5 Quick Tips for Protecting Yourself from Identity Theft

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Following this quick and easy tips can help your to protect yourself from the damaging effects of identity theft and fraud.

You’ve probably heard all the warnings about how damaging identity theft can be and how important it is to protect your identity from fraudsters. However, it can seem intimidating and time-consuming to make some of the recommended changes to your personal data security.

But time you use to protect yourself from id theft is always well-spent; especially considering how much time and how many phone calls it would take to remedy the situation if a thief was able to use your identity fraudulently for months before you even detected the crime.

The Identity Theft Resource Center (ITRC) reported that data breaches in the United States were up in 2014, an increase of 27.5 percent from the year before, and a Pew Research 2014 Study found that 18 percent of adults with an online presence reported having personal information, including Social Security Numbers, payment card information and bank account data, stolen. Don’t rely on retailers to keep you safe. As a consumer, protecting your information is crucial so that your credit report and financial accounts remain untouched.

If you still don’t think you have time for id theft protection, here are some security tips that are quick and easy to follow. In fact, they consist simply of things NOT to do:

  • Don’t give out your Social Security Number: Nowadays, we’re accustomed to filling out forms for practically everything, from gym memberships to rental agreements. It’s a mistake to become too comfortable with giving out your personal information, so start training yourself to question exactly what you write down. For instance, your child’s school may need your phone number in case of emergencies, but do they really need to know your child’s Social Security Number? Do you really want your home and email addresses listed in the school directory? In most cases, organizations will be fine with you omitting certain sensitive information and just giving them the necessities.
  • Don’t hang onto unnecessary financial documents: It’s time to shred those old credit card applications that you have no intention of using. Keeping them filed in your home leaves you vulnerable to identity theft in the event of a break-in. Also shred any outdated financial documents, tax records and insurance forms.
  • Don’t ignore suspicious activity: If your credit card is declined unexpectedly, or if you start receiving calls from debt collectors for payments you didn’t make, then it’s time to take action. Ignoring the critical signs of id theft will only make your problem worse.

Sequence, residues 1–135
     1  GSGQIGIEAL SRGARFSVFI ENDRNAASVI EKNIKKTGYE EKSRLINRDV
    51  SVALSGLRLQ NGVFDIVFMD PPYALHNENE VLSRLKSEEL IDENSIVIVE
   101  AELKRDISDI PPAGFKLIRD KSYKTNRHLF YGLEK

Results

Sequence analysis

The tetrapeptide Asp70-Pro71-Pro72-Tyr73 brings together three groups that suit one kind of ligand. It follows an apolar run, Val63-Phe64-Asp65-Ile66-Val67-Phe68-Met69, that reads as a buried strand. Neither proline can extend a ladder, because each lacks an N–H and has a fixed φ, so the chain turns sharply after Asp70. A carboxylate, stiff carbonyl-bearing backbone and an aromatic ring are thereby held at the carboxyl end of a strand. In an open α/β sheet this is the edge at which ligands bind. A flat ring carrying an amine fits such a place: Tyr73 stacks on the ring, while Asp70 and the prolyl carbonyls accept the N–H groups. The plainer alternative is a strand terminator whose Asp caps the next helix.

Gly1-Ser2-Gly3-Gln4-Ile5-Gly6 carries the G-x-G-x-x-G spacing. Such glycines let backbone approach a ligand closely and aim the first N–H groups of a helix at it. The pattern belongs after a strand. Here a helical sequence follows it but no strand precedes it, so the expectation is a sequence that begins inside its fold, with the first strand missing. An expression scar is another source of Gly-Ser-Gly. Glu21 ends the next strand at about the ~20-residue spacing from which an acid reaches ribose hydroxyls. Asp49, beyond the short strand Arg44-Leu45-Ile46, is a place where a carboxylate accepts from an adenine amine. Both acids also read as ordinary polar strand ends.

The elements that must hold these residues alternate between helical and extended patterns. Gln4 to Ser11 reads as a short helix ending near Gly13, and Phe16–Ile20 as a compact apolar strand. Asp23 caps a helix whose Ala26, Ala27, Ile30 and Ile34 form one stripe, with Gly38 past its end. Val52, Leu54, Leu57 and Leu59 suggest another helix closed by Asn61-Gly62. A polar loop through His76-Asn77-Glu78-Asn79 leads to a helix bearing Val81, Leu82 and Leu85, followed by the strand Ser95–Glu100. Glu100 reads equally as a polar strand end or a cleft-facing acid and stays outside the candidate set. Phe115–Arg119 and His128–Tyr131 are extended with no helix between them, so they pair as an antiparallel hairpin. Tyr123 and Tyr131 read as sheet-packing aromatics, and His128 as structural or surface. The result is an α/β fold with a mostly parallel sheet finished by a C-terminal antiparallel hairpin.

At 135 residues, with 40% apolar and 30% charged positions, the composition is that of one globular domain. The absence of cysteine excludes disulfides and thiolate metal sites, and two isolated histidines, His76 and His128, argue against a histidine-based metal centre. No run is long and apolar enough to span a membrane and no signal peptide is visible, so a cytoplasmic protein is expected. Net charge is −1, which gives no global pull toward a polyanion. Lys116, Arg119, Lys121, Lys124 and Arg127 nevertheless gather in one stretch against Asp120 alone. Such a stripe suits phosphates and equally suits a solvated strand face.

• Don’t use public Wi-Fi to access private information: Refrain from looking at private data while surfing the web at coffee shops and libraries because unsecured public Wi-Fi networks make it extremely easy for hackers to see what you’re typing. For instance, don’t login to your email account, check your bank statement, make any online purchases or enter your Social Security Number for any reason.
  • Don’t use one password for all accounts: Using only one password makes hacking into your financial accounts that much easier for cyber-criminals, so create a unique password for each account, even social media profiles that you might not think are as important. If you have trouble remembering a variety of passwords, consider using an online password manager that can keep your passwords encrypted and secure yet accessible whenever you need them.

If you don’t have the time or inclination to closely monitor your financial accounts and credit report, then consider registering for a credit monitoring service that can notify you of certain kinds of activity that may indicate fraud. Privacy Now’s direct data feeds from all 3 credit bureaus can rapidly track account inquiries and activity to provide real-time alerts. Combined with the best early warning detection of new account openings, subscribers can take action before damage is done. No one likes to be the last person to know, with Privacy Now you don’t have to.